Prospects for settling the name dispute notwithstanding the setbacks

Zaev and Tsipras; Photo: Government of Macedonia

Following years of a deepening political crisis, Macedonia got a new government last year, praised by many as a harbinger of hope for the settlement of grave and long-lasting disputes, including the one with Greece on the name.

The new PM Zoran Zaev and his cabinet have kick-started efforts to resume the talks on settling the dispute since the very onset and have pledged on a number of concessions to finally reach an epilogue of the dispute in 2018. Furthermore, one could also feel a rather positive attitude coming from the Greek officials and the overall climate indicated that 2018 might be a year of an opportunity to resolve the name issue.

Greek Prime Minister Alexis Tsipras’ and the Foreign Minister Nikos Kotzias’ pursuit of a compromise that would appease the Greeks proved to be quite challenging.

A composite name was proposed that would include the word Macedonia but provide a clear differentiation from the Greek province of Macedonia. Furthermore, Greek side was adamant that the new compound name would be used both in domestic affairs and internationally (erga omnes). In addition to this, Greece is seeking constitutional changes and guarantees against irredentist claims, according to the government spokesman Dimitris Tzanakopoulos.

However, PM Tsipras has been faced with a challenging task within the domestic arena. His junior coalition partner, a populist Independent Greeks party (ANEL) has staunchly opposed any kind of compromise on the name dispute, and some of its prominent members stated they would reject any proposal that contains the name “Macedonia” and even called for a referendum on the matter.

In addition to nationalist parties and the Greek Orthodox Church, compromises on the name have also stirred national sentiments of the Greek public.

Following the rally in Thessaloniki, the first major protest since the conclusion of an interim accord on the name issue in 1995, another one was held in Greece’s capital, gathering more than 100,000 protesters who opposed the inclusion of the word ˝Macedonia˝ in the new compound name.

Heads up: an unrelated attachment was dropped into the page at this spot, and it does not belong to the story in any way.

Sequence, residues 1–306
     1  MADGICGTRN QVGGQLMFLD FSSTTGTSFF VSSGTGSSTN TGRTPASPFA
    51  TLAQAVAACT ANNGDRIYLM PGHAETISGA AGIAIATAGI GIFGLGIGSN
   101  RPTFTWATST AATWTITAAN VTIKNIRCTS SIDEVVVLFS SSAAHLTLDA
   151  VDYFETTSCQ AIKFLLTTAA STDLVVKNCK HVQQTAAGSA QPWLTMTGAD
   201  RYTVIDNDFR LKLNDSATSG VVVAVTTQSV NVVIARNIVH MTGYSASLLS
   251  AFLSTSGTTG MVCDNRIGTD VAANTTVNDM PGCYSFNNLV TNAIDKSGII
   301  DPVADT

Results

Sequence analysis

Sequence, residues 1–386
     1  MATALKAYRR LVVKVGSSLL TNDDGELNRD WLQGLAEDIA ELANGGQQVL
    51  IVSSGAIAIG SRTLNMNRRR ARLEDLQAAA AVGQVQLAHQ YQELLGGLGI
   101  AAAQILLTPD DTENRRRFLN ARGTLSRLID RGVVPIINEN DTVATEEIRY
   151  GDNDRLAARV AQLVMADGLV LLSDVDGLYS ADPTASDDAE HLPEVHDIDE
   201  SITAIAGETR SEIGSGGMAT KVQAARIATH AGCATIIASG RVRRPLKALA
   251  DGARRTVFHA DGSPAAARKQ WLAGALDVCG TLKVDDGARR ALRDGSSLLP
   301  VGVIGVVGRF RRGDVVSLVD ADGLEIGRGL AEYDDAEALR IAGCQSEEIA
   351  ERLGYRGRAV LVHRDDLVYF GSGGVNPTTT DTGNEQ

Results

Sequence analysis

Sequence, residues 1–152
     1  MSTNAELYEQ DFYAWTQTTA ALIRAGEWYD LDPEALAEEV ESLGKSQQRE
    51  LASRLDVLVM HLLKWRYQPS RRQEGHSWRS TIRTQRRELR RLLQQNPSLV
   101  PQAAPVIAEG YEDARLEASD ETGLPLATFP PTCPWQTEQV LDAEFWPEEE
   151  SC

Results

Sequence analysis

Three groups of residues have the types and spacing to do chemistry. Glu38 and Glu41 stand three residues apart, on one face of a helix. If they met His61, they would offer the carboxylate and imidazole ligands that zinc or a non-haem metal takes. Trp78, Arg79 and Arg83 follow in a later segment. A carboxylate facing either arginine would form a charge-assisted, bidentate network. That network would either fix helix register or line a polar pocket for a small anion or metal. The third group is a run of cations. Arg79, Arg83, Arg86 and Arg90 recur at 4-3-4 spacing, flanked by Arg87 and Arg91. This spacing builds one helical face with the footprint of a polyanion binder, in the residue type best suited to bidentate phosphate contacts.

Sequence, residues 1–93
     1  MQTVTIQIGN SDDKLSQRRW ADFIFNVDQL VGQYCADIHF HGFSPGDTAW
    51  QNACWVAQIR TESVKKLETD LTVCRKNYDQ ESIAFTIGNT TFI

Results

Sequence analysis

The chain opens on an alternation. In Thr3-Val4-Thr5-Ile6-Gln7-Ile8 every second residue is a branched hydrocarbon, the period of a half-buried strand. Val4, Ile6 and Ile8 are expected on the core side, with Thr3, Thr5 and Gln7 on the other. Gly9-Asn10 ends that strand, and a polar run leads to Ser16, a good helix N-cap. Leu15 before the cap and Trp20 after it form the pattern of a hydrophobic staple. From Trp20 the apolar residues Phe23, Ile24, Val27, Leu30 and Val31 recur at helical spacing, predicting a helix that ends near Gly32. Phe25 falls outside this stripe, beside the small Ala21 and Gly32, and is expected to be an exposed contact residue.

Further, but not less serious challenges to the settlement of the name dispute lie in the very essence of the dispute. Apart from the name itself, the dispute touches upon sensitive issues of national identity, history and symbolism.

PM Zaev has so far expressed his willingness to contribute to solving the long-lasting dispute. The airport in Skopje, the avenues and the highway bearing the name of the Alexander the Great are to be renamed, a gesture aimed at demonstrating Macedonia’s firm commitment to resolve the dispute.

“I will not present any red lines because red lines obstruct us from solving problems. I will use other methods so that the red lines become the light that will get us out of the darkness of the problem,” Zaev said in an interview on Greece’s Alpha television.

However, some of the Greek analysts, such as Jorgos Tzogopoulos, of the ELIAMEP think tank, remain wary of Macedonian optimism, Deutsche Welle (DW) reports.

“Gruevski’s provocations are a thing of the past, but that doesn’t mean his successor will simply change the country’s name,” he argued.

(DW, 17 January 2018)

Foreign Minister Kotzias and his counterpart Nikola Dimitrov will meet in Sofia on 15 and 16 February, on the sidelines of the informal meeting of the heads of diplomats of the EU countries and candidate countries, where they are expected to discuss further steps in the process of resolving name dispute. According to the Independent Balkan News Agency, the meeting between the two foreign ministers is deemed crucial for the continuation of the talks.

Macedonia hopes that the name dispute would be solved by the end of the first half of 2018, ahead of the upcoming NATO Summit in June, when it anticipates the invitation to join NATO. It remains to be seen if a goodwill and mutual commitment would prevail over the setbacks.


Publication of this article has been supported by the Balkan Trust for Democracy of the German Marshall Fund of the United States